Cuba has an unattractive exchange rate. Each Cuban convertible peso (or “kook”) costs US$1 plus 13%, or US $1.13=CUC $1. There is no legal alternative to this exchange rate and it seemed unwise to inquire about a black market of currency. Cuba also has a currency called the Cuban peso (or CUP) that is not technically available to foreigners. US $1= CUP 23. A foreigner can possess this currency but it cannot be used in most places tourists visit. These CUP can be used in some stores and ice cream parlors where subsidized goods are sold. Thus nine of us ate ice cream one evening for CUP 24.50 or slightly more than US $1. We didn’t realize that the ice cream place only took CUP when we went in and we were amazed by the price (Our Cuban guide came along and paid our bill). On the other hand, there was only one flavor. Everyone in Cuba receives a ration book for highly subsidized food products each month with prices payable in CUP. That effectively eliminates hunger in Cuba because everyone gets rice, beans, oil, coffee, sugar and a few other things at minimal cost. There is probably a lively black market in these items, but our tour guides didn’t discuss it.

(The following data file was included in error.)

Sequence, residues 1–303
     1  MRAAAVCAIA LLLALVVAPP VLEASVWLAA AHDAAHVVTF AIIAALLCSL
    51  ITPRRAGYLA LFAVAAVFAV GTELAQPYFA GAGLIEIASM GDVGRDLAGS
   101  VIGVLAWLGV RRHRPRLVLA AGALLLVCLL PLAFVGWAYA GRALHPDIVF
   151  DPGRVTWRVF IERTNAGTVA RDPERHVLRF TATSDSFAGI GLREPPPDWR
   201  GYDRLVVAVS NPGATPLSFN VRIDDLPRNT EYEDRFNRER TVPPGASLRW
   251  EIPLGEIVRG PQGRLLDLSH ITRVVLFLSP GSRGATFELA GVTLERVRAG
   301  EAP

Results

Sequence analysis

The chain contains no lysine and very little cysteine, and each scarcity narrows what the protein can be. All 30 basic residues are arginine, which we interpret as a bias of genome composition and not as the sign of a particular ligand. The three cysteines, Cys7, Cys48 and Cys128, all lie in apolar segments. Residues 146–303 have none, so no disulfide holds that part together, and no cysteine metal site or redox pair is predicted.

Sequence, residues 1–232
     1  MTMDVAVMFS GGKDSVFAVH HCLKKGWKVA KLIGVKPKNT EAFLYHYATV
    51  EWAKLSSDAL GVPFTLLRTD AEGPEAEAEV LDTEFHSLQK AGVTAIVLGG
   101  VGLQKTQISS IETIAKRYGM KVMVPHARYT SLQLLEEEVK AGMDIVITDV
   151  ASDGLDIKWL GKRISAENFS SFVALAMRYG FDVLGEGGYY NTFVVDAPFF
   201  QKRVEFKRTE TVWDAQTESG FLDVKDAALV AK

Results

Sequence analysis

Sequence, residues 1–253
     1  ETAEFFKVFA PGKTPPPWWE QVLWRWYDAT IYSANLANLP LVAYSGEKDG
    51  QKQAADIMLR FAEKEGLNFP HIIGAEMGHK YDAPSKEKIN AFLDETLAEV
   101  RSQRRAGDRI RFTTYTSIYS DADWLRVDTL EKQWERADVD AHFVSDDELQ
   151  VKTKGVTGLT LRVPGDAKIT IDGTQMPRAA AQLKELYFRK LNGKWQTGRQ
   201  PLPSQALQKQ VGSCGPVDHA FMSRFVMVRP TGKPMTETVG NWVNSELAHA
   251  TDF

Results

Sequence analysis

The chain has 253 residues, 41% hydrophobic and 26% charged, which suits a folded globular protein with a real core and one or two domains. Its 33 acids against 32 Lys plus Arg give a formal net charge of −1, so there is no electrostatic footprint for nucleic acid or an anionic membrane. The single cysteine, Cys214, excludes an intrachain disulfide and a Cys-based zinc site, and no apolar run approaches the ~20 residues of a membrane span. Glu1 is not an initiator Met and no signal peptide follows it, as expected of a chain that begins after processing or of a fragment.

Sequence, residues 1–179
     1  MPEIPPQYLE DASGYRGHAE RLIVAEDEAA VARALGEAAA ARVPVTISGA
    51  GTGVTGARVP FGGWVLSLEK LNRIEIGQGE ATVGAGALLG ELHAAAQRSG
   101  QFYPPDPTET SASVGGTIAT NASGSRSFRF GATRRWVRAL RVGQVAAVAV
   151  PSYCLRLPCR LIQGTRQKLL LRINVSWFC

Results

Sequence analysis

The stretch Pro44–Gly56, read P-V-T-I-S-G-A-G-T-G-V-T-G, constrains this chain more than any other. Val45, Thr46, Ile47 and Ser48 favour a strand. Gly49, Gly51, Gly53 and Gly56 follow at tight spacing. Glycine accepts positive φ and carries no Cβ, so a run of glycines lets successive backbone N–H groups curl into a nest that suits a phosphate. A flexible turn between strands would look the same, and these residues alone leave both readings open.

An unanticipated outcome of the currency system is that tipping itself is a major industry in Cuba. We were told that a typical salary in Cuba is US $20 per month, or 460 CUP. A US $1/1 CUC tip therefore amounts to 5% of a regular Cuban salary and consequently even the woman who tends a restroom and receives twenty-five cents CUC per person has the potential to make far more money than a person at a salaried job. Restroom attendants clear away all the small change and leave 1 CUC coins in their little dish so that if you are confused about the cost of a pit stop you can feel free to leave them a dollar/CUC.
Music at Breakfast–don’t forget to tip.
There were also musicians everywhere, in the street, at every site, at every restaurant, even at the hotel’s breakfast buffet! Musicians offer you the opportunity to purchase a CD for about 8 CUC, or to give them a tip.